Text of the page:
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If you ask anyone what colleges and universities are for, they'll give you more or less the same answer: to educate people. That's a good answer. It's the one I give myself. But it's only half the truth. Colleges and universities actually fulfill two separate roles. We all know about both of them. We only talk about one of them. And because of that, we misunderstand almost everything about how higher education works and how it might be improved.
Every individual college and university exists to educate: to teach people things they did not previously know. (People disagree over what the goal of education should be, but agree that education is the goal.) But colleges also confer social prestige on their graduates. Some confer a large amount, some a smaller amount, and some confer little or none. Taken together as a system, the American colleges and universities have both a teaching function and a sorting function.
I dislike the sorting function and would rather it not exist. But saying that a deeply embedded social practice ought not to exist doesn't get rid of it. Too many people are committed to it, and too many people believe in that social practice as a simple reflection of reality. American higher education labels students by the "quality" (meaning the selectivity and prestige) of the school they attended. People by and large take those labels as real indicators of students' intelligence, likely prospects, and so forth. This social labeling is part of America's class system.
We don't talk about this much, because most people don't like talking about the class system. It's difficult and embarrassing. (And before anyone finds this discussion of class upsetting or insulting, let me say two things. First, I'm not saying that some people should have more social prestige than others. I'm pointing out that in practice they do. I'm trying to describe how the system works, not endorsing it. Second, while talking to another person about their class position can be insulting and a way of putting them down, not talking about how the larger system works is a way of keeping the system in place and letting the people on top get away with things.) But even when we don't talk about class, and maybe especially when we don't talk about it, we experience it a real force in our society. We all know that Princeton alumni enjoy advantages that alumni of poor public colleges do not get. We feel it.
Our public debates about higher education are confused because we don't talk openly or think clearly about the two different functions. It's easier to pretend that colleges are doing only a single thing. But that leads us into misunderstandings because we don't acknowledge how our things really operate or, worse still, talk about one function as if it were the other.
Some people talk about the "great education" a school provides when they really mean the social cachet it provides. Some perceive socially-disadvantaged schools as genuinely providing less learning, no matter the quality of actual education there; those schools are simply "bad schools." These people conflate education and social prestige without being aware that they're doing it, and have trouble perceiving educational quality separately from educational privilege. Other people sometimes deny that anything happens at universities but social differentiation, and are prone to claiming that no actual education happens at elite schools, and so on. This is also a radical misunderstanding, and saying that nobody at Yale learns anything that people don't learn in night school is such an overstatement that it undermines the speaker's point. If two schools have different budgets and different missions, there will be real differences in educational outcomes. No one who's worked in higher education can honestly deny that.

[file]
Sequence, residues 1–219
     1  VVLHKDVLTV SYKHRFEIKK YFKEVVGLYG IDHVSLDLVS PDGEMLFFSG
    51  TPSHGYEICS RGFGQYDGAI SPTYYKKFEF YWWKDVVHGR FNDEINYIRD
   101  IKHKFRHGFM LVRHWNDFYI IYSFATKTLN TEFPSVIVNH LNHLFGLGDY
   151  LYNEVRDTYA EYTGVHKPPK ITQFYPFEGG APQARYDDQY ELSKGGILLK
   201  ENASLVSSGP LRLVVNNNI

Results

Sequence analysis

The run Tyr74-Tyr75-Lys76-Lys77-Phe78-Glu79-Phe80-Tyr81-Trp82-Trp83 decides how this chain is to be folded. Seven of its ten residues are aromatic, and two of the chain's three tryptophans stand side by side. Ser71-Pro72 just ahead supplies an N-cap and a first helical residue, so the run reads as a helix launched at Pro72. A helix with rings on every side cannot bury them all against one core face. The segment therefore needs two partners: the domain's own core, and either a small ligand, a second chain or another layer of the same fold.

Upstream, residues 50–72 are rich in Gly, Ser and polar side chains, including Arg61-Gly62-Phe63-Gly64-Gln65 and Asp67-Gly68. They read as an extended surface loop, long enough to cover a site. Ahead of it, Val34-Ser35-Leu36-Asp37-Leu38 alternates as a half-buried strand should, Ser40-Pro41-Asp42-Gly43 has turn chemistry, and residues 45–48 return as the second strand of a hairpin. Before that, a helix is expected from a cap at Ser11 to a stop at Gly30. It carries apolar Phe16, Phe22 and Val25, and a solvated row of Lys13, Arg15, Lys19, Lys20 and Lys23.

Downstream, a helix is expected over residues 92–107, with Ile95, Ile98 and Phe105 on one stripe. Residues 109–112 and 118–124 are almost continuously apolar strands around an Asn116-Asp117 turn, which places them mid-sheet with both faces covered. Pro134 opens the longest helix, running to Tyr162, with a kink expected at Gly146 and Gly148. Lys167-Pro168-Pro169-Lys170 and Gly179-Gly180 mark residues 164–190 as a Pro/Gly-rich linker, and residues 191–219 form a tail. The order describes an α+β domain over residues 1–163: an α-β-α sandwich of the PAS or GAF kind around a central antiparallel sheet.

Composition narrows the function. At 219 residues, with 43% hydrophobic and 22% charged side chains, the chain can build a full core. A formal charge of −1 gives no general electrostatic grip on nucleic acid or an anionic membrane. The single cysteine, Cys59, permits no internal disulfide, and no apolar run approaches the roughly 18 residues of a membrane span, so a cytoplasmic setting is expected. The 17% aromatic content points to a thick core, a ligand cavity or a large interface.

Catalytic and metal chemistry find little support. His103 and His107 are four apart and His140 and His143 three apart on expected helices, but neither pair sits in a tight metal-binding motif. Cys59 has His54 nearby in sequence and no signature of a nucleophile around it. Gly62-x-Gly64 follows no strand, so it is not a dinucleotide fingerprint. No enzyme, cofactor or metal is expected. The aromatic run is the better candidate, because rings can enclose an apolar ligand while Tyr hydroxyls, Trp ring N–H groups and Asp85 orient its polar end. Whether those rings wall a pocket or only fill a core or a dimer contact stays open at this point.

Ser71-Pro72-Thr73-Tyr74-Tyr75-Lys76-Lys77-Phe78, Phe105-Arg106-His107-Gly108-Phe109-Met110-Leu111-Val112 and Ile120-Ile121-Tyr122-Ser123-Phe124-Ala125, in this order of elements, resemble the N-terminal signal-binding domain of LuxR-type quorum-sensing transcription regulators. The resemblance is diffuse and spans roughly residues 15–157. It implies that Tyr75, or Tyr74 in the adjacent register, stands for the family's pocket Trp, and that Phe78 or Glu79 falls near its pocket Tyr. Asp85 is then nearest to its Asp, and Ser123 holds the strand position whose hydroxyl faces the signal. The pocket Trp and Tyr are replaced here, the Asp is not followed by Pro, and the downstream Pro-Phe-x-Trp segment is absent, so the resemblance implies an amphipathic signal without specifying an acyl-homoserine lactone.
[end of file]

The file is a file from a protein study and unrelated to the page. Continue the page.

There are schools that are good at teaching students things. There are schools that are good at giving their students social credibility. There are schools that do both well, and schools that do neither. And some can only do one. There are schools that do an excellent job of educating their students but cannot give them any social prestige. There are also, I'm afraid, schools that provide mediocre or poor educations but do better at conferring social capital.
Why does this matter? Because those two basic functions,educating and conferring prestige, have distinct and opposed economic logics.
Education is an absolute and unlimited commodity. The more you produce, the better. Teaching people things is perhaps the ultimate non-zero-sum game.
Social prestige is a relative and inherently limited commodity. The value of selectivity and exclusivity lies in the fact that most people are excluded. In a perfect world, every student could be superbly educated, but in no possible world could every student be more prestigious than every other student. "Exclusivity for all" is a nonsense slogan. Conferring prestige on students is very much a zero-sum game, where one student can only gain from what some other student, somewhere, loses.
The prestige game matters because a school's prestige is its lifeline to more tangible resources, most importantly funding and potential students. A selective institution must maintain its perceived selectivity, its reputation for being hard to get into, for fear of losing access to the most desirable students. The difficulty of getting into a school is key to the social value of getting in to it, which is why exclusive universities trumpet their obscenely low admissions rate every year. Selectivity turns out to be self-fulfilling; if you lose your reputation for selectivity, the students you want most will stop applying.
If your college or university dedicates itself strictly to education without any thought of conferring social prestige, both the school and its students will suffer for that choice. The students and the institution will be stigmatized by many people, and their actual educational achievements will often go unrecognized. Graduates will face disadvantages on the job market; the school will be starved of resources. This is the story of public higher education in America over the past thirty years.